It returns true if the left operand is smaller than or equal to right operand else it returns false. |

== (Equality) |
It returns true if the value of both operands is the same else it returns false. |

!= (Not Equal to) |
It returns true if the value of operands is not the same else it returns false. |

**For example:**

In this example, we are using all relational operators that are listed above

snippet

var x = 20; var y = 15; console.log("Value of x: " + x); console.log("Value of y: " + y); var result = x > y; console.log("x is greater than y: " + result); result = x < y; console.log("x is smaller than y: " + result); result = x >= y; console.log("x is greater than or equal to y: " + result); result = x <= y; console.log("x is smaller than or equal to y: " + result); result = x == y; console.log("x is equal to y: " + result); result = x != y; console.log("x not equal to y: " + result);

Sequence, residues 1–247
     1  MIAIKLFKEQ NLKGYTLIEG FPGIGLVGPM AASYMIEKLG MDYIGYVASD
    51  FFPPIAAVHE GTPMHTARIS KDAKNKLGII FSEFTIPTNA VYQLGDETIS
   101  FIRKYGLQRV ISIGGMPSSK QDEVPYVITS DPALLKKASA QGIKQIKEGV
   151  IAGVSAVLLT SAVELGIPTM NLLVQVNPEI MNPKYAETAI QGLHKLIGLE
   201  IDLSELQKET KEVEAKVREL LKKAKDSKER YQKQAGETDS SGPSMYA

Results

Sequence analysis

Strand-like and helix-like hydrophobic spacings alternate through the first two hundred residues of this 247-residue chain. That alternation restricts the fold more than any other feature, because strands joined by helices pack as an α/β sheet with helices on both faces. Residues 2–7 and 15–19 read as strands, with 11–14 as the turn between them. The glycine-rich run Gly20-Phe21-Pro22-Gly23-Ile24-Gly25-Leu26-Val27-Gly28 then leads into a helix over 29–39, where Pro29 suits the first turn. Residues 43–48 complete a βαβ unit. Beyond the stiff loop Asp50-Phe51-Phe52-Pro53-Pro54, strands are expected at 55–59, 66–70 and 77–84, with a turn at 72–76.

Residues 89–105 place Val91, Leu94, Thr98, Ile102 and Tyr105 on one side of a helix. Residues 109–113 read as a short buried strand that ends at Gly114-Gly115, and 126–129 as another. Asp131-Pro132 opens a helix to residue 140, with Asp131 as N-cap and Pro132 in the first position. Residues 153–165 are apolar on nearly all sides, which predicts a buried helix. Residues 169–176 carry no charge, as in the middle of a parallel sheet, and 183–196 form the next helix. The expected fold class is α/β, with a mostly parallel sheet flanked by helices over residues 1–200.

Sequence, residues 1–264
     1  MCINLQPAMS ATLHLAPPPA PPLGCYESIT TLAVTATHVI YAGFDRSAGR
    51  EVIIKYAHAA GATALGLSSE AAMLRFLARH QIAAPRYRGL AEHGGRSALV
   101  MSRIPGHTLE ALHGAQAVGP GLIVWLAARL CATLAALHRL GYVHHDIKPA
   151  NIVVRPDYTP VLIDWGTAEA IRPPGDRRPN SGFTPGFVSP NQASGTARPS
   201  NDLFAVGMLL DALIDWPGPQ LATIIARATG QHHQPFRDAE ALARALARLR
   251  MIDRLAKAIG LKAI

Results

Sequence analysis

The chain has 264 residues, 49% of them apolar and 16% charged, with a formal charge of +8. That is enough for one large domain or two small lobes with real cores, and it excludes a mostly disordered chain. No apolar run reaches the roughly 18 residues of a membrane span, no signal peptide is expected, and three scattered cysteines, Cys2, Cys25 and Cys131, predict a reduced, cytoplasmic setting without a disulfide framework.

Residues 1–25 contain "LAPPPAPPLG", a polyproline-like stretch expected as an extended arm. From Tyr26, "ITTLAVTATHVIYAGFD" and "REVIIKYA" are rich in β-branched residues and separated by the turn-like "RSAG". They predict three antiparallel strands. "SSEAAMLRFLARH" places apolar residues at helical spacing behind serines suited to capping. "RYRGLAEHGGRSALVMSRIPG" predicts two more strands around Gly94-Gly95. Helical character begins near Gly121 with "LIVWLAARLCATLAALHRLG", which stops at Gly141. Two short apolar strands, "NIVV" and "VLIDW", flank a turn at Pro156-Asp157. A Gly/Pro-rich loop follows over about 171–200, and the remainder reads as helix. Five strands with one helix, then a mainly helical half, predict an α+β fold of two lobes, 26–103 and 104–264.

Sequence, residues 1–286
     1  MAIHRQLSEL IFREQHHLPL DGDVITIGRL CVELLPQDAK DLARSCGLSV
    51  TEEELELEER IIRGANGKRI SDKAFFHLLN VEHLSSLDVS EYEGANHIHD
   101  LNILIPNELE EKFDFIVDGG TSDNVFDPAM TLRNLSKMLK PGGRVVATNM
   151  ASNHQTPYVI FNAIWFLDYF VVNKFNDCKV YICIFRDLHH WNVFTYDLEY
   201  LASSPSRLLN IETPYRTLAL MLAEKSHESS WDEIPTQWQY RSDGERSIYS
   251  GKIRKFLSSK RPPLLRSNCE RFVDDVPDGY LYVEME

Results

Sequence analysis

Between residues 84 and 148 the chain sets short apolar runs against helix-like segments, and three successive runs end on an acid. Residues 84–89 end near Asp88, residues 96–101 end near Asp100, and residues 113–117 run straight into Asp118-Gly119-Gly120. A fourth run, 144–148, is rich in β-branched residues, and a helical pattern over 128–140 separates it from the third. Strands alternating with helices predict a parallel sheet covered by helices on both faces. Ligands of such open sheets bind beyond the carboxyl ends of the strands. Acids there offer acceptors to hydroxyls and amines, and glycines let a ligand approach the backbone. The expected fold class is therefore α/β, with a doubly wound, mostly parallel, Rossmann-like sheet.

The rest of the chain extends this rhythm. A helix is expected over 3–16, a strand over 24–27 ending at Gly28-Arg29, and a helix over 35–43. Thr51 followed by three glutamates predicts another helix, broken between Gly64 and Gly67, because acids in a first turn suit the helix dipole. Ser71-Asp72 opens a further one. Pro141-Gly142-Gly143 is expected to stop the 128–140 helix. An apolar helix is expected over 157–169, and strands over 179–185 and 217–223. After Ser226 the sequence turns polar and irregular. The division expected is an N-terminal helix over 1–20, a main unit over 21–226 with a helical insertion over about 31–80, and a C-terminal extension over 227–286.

**Output:**

When you execute this code in the terminal, you will get the following output:

Output

Value of x: 20
Value of y: 15
x is greater than y: true
x is smaller than y: false
x is greater than or equal to y: true
x is smaller than or equal to y: false
x is equal to y: false
x not equal to y: true

Logical operators are generally used for combining two or more relational statements. They also return Boolean values.

Operators | Description |
---|---|

&& (Logical AND) |
This operator returns true if all relational statements that are combined with && are true, else it returns false. |

|| (Logical OR) |
This operator returns true if at least one of the relational statements that are combined with || are true, else it returns false. |